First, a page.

‘Fine dining’ has changed a lot over the past decade and if I’m being honest, I welcome the shift from starchy formality to something more-casual. However, many people still feel that dining out in this country is expensive but there is good value to be found and increasingly consumers are indicating that they are prepared to pay a little more for a quality product.
Ultimately good food starts with sourcing the best ingredients and here in Ireland, we are lucky to have some extremely passionate and dedicated food producers supplying restaurants who in turn are firmly committed to showcasing the best that Ireland has to offer.
From the outset, since it opened earlier this year, the team at Morelands Grill has been determined to provide a memorable dining experience and as I recently discovered, this is very much based on using the best possible Irish ingredients that are available.
Morelands Grill is centrally located on Westmoreland Street next to the elegant five-star The Westin Hotel near to College Green and O’Connell Street and a short walk away from the city’s main shopping areas. Although the restaurant can be accessed through the hotel, it has its own main on-street entrance and consequently it feels like it has a separate and distinct identity.
Inside, the décor is sleek and shiny and the dining room has a serene atmosphere. Prime tables look out onto the hustle and bustle of Westmoreland Street – perfect for people-watching – with more tables and banquette seating around pillars in the centre and along the room’s walls. The overall feel is stylish and sophisticated. Crockery is branded with the restaurant’s signature ‘M’ whilst sizeable steak knives bear its full name.
As a committed gin-lover, I was delighted to see that Morelands encourages patrons to create their own bespoke G&Ts and with little persuasion I quickly ordered a Drumshanbo Gunpowder Gin (8.50) which I paired with a Thomas Henry Cherry Blossom Tonic and my chosen garnish of pink peppercorns, fresh berries and rose petals. My guest decided on a less frivolous concoction – Dingle Gin (€7.00) with classic Tonic and a grapefruit and thyme garnish. Needless to say both went down very well.
A dinky selection of excellent Mini-Soda Breads was served to us on a wooden bread board along with soft butter and some flaky sea-salt as we finalised our choices from the menu. At first glance the menu includes fairly standard fare but, on closer inspection, we discovered that it listed a number of quirky and interesting dishes.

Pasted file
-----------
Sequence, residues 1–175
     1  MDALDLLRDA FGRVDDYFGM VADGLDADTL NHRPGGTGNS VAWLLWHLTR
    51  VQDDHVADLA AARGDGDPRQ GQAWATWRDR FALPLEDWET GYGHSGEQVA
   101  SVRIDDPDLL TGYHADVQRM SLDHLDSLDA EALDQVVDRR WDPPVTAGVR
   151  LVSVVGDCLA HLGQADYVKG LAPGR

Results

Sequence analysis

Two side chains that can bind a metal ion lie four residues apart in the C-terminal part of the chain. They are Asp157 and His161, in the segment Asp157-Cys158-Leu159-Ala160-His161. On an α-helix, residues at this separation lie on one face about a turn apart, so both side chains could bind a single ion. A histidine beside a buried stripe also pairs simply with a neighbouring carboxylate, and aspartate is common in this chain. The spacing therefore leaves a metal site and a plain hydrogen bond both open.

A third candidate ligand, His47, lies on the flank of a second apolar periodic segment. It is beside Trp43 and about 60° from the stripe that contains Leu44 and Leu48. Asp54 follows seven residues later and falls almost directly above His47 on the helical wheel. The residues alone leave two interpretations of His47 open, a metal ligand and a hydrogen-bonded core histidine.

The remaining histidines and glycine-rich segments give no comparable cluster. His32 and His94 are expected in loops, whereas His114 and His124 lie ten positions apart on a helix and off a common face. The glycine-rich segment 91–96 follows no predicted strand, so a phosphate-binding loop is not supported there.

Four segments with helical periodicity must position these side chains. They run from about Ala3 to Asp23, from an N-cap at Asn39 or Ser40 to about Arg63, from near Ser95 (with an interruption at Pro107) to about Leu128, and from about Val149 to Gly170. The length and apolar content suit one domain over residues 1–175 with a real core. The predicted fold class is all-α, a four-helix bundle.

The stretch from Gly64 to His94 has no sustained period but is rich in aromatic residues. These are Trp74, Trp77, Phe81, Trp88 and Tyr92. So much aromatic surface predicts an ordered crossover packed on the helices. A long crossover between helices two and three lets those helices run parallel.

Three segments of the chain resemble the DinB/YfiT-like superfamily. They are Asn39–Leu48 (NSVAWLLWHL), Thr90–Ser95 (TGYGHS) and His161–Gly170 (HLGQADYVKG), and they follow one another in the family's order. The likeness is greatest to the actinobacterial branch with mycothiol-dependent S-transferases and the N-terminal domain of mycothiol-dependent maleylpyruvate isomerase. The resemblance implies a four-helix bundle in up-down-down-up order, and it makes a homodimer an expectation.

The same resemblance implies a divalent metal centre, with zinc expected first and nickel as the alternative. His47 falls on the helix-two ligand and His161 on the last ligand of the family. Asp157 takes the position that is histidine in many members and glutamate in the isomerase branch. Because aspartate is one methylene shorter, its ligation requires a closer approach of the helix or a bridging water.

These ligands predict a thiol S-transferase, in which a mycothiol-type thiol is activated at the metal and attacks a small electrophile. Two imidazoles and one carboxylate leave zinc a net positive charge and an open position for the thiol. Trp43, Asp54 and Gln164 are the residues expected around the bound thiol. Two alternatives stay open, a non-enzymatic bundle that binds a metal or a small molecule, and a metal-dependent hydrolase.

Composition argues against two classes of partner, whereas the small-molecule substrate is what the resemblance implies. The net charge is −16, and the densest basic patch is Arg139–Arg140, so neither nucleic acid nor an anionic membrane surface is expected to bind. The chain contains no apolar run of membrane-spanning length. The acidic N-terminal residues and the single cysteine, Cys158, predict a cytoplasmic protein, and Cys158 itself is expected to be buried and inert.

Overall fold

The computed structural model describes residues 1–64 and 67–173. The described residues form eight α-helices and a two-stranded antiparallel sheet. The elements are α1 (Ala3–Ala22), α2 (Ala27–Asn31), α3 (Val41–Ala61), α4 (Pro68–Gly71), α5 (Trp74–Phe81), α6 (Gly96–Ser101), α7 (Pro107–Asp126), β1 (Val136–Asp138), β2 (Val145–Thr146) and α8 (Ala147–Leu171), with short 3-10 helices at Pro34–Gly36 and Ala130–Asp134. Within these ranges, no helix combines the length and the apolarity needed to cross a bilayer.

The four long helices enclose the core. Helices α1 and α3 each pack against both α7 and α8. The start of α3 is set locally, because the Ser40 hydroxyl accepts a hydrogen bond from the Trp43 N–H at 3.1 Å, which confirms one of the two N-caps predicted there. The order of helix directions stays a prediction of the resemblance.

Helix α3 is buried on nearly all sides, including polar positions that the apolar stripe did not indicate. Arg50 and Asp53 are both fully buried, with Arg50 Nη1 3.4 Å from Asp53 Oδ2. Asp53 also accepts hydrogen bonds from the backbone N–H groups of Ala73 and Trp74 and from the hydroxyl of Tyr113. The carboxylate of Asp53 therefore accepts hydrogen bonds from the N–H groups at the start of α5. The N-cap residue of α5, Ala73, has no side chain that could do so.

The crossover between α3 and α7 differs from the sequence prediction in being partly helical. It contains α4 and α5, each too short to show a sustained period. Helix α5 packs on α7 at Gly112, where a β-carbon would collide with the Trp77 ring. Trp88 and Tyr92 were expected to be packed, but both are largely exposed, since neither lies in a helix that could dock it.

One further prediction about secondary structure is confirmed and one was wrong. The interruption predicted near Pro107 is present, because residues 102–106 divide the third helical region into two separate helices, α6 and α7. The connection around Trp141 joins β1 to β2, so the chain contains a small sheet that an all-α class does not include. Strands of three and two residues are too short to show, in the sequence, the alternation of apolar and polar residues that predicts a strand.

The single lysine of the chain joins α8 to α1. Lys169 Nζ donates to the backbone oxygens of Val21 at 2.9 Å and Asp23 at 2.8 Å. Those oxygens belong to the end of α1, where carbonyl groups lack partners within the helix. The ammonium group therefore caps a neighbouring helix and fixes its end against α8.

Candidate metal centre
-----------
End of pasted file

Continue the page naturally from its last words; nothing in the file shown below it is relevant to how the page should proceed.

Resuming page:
My Pan-Seared King Scallops (€16.50) with lobster risotto, sea rosemary and aged-parmesan sounded like an incredibly rich dish but in reality was full of well-balanced, complex flavours. Italians eschew the use of cheese with seafood but I felt that this indulgent dish benefitted from the salty but clean flavour of the aged-parmesan that was used.
The scallops had been expertly cooked with a lightly caramelised exterior and tender centre that contrasted wonderfully with the punchy flavours of the lobster risotto. Loathe to leave anything behind; I used some of the remaining soda bread to mop up every last bit.
Across the table my guest tucked into the Slow-Cooked Duck Confit and Potato Gnocchi (€12.50) with gusto. It was served with spinach, lemon, scallion and a parmesan cream. I’ll admit that I was highly sceptical about this dish before it arrived.
Confit duck is rich and I suspected that its pairing with a creamy sauce would just be too much… but the dish was an absolute triumph.
Lemon juice had been used almost like a seasoning and imparted a zingy freshness which worked really well with the distinctive herbaceous and slightly bitter flavour of the spinach.
The gnocchi were a total delight; light and fluffy as opposed to the bullet-like offerings that are often served in restaurants. This was an outstanding plate of food.
Morelands Grill is extremely proud of its Spanish Josper Grill which it acquired from a company located just outside Barcelona. Charcoal-fired Josper Grills are the hottest indoor barbecues that are available and are famous for the flavours that they give to the food cooked on them.